Joliet Junior College has published its proposed fiscal year 2022-2023 budget on its website.
The JJC Board of Trustees will vote to approve the budget at its June 15 meeting, according to a news release.
Property taxes, tuition and state funding are the three major sources of revenue available to JJC.
Property taxes are projected to make up about 58% of JJC’s revenue for the 2023 fiscal year, according to the draft budget document.
Tuition is expected to make up about 27% of its fiscal year 2023 revenues.
The budget document said JJC included a “modest” $3 per credit hour tuition increase for the 2022-2023 school year, though it kept student and technology fees unchanged. This fall, in-district students will go from paying $148 per credit hour to $151 per credit hour.
Over the past decade, JJC saw about a 32% decrease in credit hour enrollment, according to the budget document, which the college attributed to the improving economy since the 2008 financial crisis. The COVID-19 pandemic, during which JJC held nearly all of its classes online, continued to negatively impact enrollment.
The decrease in enrollment also affects the amount of state funding that JJC receives. The college projects a 5% decrease from its actual funding level during the current fiscal year.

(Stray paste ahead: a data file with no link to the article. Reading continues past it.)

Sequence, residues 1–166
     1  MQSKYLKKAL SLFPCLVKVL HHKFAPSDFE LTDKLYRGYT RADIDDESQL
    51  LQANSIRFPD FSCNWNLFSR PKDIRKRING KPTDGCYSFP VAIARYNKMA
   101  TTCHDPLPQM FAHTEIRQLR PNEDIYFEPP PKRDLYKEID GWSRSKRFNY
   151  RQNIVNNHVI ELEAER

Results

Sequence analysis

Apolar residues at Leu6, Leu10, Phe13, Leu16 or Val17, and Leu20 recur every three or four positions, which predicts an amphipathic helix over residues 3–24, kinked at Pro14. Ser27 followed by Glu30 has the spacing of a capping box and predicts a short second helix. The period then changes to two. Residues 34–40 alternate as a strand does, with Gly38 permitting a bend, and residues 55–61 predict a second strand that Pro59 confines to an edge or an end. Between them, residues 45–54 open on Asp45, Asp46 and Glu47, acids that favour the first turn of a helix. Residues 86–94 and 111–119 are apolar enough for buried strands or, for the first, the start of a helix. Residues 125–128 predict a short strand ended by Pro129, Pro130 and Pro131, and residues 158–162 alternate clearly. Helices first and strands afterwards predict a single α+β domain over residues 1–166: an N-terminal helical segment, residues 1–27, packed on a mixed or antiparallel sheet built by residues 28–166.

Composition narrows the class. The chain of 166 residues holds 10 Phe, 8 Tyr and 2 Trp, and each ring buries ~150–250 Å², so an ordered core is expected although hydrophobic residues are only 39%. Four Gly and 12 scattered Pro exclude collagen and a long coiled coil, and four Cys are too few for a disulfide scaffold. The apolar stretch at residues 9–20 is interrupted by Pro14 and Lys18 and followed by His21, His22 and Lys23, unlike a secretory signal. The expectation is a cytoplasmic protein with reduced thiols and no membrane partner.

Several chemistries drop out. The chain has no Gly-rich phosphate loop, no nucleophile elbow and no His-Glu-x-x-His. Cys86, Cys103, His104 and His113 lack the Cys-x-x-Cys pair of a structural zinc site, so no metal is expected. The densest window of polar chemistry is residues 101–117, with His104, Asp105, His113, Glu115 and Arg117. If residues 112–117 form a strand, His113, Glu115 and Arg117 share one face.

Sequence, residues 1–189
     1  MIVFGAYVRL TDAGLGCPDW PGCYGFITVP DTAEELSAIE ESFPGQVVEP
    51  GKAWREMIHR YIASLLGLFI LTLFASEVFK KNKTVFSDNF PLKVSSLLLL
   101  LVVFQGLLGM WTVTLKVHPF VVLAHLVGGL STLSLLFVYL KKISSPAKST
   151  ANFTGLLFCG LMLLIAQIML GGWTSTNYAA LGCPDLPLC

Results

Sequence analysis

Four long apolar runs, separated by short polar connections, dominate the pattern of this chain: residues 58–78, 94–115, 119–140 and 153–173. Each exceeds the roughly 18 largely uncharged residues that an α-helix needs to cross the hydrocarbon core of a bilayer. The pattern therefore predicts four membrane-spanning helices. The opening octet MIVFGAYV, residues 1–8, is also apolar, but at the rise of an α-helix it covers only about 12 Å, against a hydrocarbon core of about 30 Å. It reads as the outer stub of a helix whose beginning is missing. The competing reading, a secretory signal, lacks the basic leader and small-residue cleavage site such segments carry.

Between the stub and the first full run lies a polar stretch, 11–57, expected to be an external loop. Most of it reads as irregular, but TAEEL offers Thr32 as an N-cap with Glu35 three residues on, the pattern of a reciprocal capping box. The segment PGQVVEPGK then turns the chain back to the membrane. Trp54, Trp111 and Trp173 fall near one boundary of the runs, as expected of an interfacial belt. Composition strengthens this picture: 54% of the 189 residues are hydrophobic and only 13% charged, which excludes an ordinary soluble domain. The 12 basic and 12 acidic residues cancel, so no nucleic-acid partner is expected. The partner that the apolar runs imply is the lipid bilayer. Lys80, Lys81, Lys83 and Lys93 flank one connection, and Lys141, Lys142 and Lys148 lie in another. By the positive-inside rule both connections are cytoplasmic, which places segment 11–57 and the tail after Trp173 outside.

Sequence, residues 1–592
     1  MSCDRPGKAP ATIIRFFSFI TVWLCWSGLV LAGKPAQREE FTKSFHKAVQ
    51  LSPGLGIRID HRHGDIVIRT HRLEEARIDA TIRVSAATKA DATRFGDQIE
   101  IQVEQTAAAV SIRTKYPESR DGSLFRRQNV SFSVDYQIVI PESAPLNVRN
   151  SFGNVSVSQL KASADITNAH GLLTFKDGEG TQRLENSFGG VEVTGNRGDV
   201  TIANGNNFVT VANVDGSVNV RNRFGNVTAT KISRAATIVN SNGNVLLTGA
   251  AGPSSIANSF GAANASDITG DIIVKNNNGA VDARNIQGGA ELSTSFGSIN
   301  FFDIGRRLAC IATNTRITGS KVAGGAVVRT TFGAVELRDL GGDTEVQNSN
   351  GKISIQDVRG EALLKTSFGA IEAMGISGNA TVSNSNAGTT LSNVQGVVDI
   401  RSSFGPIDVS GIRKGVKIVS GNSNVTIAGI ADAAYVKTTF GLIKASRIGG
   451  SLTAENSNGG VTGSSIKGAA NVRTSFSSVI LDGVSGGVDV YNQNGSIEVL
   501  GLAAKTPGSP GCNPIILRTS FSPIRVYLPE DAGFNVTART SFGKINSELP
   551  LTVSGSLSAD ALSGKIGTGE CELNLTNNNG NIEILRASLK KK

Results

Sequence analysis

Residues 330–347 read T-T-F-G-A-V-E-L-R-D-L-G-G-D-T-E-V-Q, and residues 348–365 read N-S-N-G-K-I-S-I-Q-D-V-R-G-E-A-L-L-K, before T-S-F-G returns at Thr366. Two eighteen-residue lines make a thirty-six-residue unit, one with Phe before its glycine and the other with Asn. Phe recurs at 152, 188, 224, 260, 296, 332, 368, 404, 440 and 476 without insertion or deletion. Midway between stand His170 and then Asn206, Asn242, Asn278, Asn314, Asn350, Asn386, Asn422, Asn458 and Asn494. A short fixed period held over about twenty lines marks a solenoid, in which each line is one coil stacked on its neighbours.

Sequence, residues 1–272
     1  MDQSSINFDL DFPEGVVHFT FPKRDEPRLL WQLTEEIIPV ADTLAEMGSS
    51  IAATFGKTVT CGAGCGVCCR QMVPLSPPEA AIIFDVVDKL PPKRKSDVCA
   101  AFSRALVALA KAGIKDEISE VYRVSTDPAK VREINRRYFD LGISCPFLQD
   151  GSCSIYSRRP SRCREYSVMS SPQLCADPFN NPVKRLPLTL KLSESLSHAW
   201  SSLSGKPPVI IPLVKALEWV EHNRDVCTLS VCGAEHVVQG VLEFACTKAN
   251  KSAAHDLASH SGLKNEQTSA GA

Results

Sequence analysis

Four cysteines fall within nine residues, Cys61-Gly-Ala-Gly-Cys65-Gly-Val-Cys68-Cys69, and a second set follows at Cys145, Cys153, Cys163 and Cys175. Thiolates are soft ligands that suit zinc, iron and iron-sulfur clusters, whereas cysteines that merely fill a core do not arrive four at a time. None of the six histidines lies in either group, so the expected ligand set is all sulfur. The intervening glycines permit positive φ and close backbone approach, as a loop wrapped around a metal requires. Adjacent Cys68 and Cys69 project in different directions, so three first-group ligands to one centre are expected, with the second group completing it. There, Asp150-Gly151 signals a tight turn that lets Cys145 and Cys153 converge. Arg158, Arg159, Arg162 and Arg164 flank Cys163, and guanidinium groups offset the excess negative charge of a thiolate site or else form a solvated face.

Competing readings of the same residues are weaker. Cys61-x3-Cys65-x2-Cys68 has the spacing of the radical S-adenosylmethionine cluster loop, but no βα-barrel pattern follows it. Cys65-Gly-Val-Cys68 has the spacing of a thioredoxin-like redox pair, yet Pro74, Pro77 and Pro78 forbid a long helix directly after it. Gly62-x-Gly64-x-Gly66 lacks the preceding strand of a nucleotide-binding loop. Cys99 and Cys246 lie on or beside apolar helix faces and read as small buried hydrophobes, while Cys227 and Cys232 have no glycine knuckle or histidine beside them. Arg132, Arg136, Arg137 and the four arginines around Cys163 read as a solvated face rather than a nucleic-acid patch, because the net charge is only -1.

State funding is projected to represent about 8% of its fiscal year 2023 revenues.
Federal funding, interest, facility rentals and other sources make up the final 7% of JJC’s revenues.
The college will spend about 64% of those revenues on salaries and another 15% on benefits, according to the budget document. The college has employed just under 1,300 full and part-time employees for at least the last two fiscal years.
Part-time faculty make up about three-quarters of the total faculty and teach 44% of credit courses.
JJC bargains salaries with unions for its full-time faculty, food service workers, campus police, facility services and receiving employees, adjunct faculty, and technical office support staff.
JJC was able to fill an estimated $3.3 million operating deficit with pandemic relief funds.
For more information, visit jjc.edu.
Source: The Daily Chronicle